Environmentalists with Environment Oregon and Klamath-Siskiyou Wildlands Center (KS Wild) said they have collected more than 10,000 signatures from Oregonians opposing the Bybee Timber Sale. The plan? To log trees on the western border of Crater Lake National Park, but not inside the park.
"It's also proposing to log some really old growth trees, 300-400 years old right down next to the stream channels," said Morgan Lindsay, the Membership and Outreach Coordinator for KS Wild.
She said the Bybee Timber Sale could build over 10-miles of new logging roads. According to Lindsay, the plan could harm the water quality and animal habitat.
"[It would be] really damaging not only for creatures like the spotted owl that need the old growth trees but also to fish, amphibians and other animals," she said.
However timber industry officials have an entirely different take on the plan.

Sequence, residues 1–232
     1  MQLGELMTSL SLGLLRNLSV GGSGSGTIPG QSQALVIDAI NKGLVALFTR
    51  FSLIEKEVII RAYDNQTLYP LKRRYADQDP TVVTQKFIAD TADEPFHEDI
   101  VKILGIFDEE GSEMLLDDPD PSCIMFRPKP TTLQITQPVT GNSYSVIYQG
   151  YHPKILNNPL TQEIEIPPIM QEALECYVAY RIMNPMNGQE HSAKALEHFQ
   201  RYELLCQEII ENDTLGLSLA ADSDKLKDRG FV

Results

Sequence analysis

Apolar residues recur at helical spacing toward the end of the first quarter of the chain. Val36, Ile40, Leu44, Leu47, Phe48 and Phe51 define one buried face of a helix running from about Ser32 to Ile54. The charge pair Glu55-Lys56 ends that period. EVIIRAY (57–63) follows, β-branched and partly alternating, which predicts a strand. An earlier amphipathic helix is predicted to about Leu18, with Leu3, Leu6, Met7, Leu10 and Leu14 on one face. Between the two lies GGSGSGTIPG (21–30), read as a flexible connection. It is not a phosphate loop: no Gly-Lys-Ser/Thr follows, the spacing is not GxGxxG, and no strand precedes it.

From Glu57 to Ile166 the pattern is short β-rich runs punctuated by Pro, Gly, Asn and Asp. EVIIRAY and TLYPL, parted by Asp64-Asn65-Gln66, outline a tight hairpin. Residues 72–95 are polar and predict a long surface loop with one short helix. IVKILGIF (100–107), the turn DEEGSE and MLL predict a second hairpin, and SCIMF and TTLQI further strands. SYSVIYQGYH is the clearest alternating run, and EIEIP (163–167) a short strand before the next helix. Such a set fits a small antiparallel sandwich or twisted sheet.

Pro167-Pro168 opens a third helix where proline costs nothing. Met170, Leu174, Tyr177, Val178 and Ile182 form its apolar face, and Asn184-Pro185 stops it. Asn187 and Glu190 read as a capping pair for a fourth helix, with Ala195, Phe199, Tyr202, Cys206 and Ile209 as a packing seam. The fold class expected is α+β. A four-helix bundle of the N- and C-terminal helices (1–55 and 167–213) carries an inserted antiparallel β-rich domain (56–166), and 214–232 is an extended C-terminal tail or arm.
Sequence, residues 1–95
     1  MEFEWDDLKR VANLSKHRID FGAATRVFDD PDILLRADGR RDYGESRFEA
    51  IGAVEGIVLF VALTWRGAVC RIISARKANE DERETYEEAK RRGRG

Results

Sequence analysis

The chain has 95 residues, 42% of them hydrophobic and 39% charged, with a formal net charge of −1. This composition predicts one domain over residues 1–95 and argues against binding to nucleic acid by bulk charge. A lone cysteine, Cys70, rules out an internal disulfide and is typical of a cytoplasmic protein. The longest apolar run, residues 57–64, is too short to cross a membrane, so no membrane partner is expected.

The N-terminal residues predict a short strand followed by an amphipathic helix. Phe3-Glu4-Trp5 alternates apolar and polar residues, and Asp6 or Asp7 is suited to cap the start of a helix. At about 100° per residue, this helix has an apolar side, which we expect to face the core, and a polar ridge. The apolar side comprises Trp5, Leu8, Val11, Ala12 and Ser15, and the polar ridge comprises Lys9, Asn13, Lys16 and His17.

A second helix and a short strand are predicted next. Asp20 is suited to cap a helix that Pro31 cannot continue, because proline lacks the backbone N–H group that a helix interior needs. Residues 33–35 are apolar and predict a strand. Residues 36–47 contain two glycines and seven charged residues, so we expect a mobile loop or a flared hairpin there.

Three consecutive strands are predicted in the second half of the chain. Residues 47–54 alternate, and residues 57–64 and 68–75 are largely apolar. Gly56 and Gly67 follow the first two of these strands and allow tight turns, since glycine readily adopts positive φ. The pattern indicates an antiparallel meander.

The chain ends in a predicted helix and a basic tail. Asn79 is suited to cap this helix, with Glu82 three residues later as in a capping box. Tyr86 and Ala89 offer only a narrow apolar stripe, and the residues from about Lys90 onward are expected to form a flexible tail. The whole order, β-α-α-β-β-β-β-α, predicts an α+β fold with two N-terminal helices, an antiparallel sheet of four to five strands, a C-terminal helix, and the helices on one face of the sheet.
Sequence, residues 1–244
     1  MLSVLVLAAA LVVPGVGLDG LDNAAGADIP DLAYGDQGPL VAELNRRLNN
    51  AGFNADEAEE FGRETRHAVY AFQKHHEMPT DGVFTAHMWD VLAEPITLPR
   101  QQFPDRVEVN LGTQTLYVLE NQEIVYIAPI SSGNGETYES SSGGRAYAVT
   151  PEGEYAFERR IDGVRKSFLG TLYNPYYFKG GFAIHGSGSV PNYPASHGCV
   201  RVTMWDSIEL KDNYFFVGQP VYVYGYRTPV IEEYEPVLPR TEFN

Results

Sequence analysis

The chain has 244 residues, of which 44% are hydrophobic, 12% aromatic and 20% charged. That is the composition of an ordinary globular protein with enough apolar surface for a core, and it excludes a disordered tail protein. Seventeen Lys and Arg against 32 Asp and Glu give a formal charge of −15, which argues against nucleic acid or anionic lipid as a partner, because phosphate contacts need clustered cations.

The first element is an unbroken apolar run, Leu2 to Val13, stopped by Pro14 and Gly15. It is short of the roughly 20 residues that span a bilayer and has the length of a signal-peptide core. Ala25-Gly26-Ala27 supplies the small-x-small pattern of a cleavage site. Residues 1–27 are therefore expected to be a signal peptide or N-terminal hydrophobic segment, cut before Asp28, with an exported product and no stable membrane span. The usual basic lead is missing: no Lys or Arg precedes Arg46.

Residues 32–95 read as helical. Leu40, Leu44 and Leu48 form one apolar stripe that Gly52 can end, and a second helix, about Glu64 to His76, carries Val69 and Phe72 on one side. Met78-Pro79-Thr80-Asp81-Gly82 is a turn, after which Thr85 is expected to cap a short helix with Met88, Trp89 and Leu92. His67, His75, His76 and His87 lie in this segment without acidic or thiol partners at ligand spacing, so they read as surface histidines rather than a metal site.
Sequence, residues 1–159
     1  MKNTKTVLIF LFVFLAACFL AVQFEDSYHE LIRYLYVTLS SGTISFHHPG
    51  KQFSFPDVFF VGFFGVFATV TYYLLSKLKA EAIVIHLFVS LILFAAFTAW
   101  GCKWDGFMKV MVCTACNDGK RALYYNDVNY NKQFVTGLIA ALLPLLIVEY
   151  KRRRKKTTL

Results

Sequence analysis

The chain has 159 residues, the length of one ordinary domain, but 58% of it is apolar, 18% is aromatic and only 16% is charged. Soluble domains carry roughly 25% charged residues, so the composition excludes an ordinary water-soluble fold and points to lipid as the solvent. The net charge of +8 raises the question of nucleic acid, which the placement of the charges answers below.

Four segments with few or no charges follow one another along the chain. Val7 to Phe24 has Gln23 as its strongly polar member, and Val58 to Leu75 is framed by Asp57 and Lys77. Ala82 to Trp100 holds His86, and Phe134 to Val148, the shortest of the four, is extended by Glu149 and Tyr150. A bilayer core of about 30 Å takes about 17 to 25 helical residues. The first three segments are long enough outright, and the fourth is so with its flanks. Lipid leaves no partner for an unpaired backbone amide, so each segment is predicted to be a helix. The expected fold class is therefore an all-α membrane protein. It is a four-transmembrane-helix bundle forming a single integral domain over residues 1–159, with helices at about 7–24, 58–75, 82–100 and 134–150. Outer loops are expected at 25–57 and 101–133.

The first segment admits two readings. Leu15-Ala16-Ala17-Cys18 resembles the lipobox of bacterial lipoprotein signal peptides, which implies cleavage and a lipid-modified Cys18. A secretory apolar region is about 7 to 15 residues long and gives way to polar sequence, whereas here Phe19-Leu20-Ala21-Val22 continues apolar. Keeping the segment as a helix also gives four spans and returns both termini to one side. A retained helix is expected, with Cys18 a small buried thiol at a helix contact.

"It's not going to be a massive clear cut and they're not going to go after the biggest of the old growth trees," began David Schott, Executive Vice President of the Southern Oregon Timber Industries Association.
"They're going to selectively cut," he continued.
He said back in 1994 the land was designated for harvest. In addition, he said the Bybee Timber Sale will actually preserve Crater Lake National Park.
"It helps mitigate the chance of catastrophic fire. The worst thing that could happen is not to manage those lands and have catastrophic fire go up and right through the park," said Schott.
He said not only will 25% of the money made go to schools and roads, but the Bybee Timber Sale will create jobs. According to Schott, the Oregon Forest Resources Institute said eight to nine jobs are created for every million board feet.
Meantime, environmentalists said they aren't opposed to thinning forests. In fact, according to Lindsay, environmentalists supported a timber sale in the Siskiyou National Forest last year. She said they also want to prevent the risk of fire and get trees into the mill. But they said the Bybee plan isn't the way to do it.
People from KS Wild are expected to hand over the 10,000 signatures to the U.S. Forest Service on Thursday morning in Medford.
The Bybee Timber Sale is expected to go through, but once that happens, environmental groups can formally protest it.
If their protest is denied, the issue could go to court. Then it's unknown exactly how long it could be until the first tree is cut down.